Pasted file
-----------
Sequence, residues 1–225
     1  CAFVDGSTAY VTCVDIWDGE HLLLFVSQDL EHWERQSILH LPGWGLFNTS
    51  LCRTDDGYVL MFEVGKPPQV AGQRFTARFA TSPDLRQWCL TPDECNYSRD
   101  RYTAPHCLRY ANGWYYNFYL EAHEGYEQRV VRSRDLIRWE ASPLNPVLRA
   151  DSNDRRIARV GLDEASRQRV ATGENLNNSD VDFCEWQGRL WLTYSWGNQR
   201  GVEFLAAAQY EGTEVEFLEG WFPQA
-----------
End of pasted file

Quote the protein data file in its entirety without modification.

Sequence, residues 1–225
     1  CAFVDGSTAY VTCVDIWDGE HLLLFVSQDL EHWERQSILH LPGWGLFNTS
    51  LCRTDDGYVL MFEVGKPPQV AGQRFTARFA TSPDLRQWCL TPDECNYSRD
   101  RYTAPHCLRY ANGWYYNFYL EAHEGYEQRV VRSRDLIRWE ASPLNPVLRA
   151  DSNDRRIARV GLDEASRQRV ATGENLNNSD VDFCEWQGRL WLTYSWGNQR
   201  GVEFLAAAQY EGTEVEFLEG WFPQA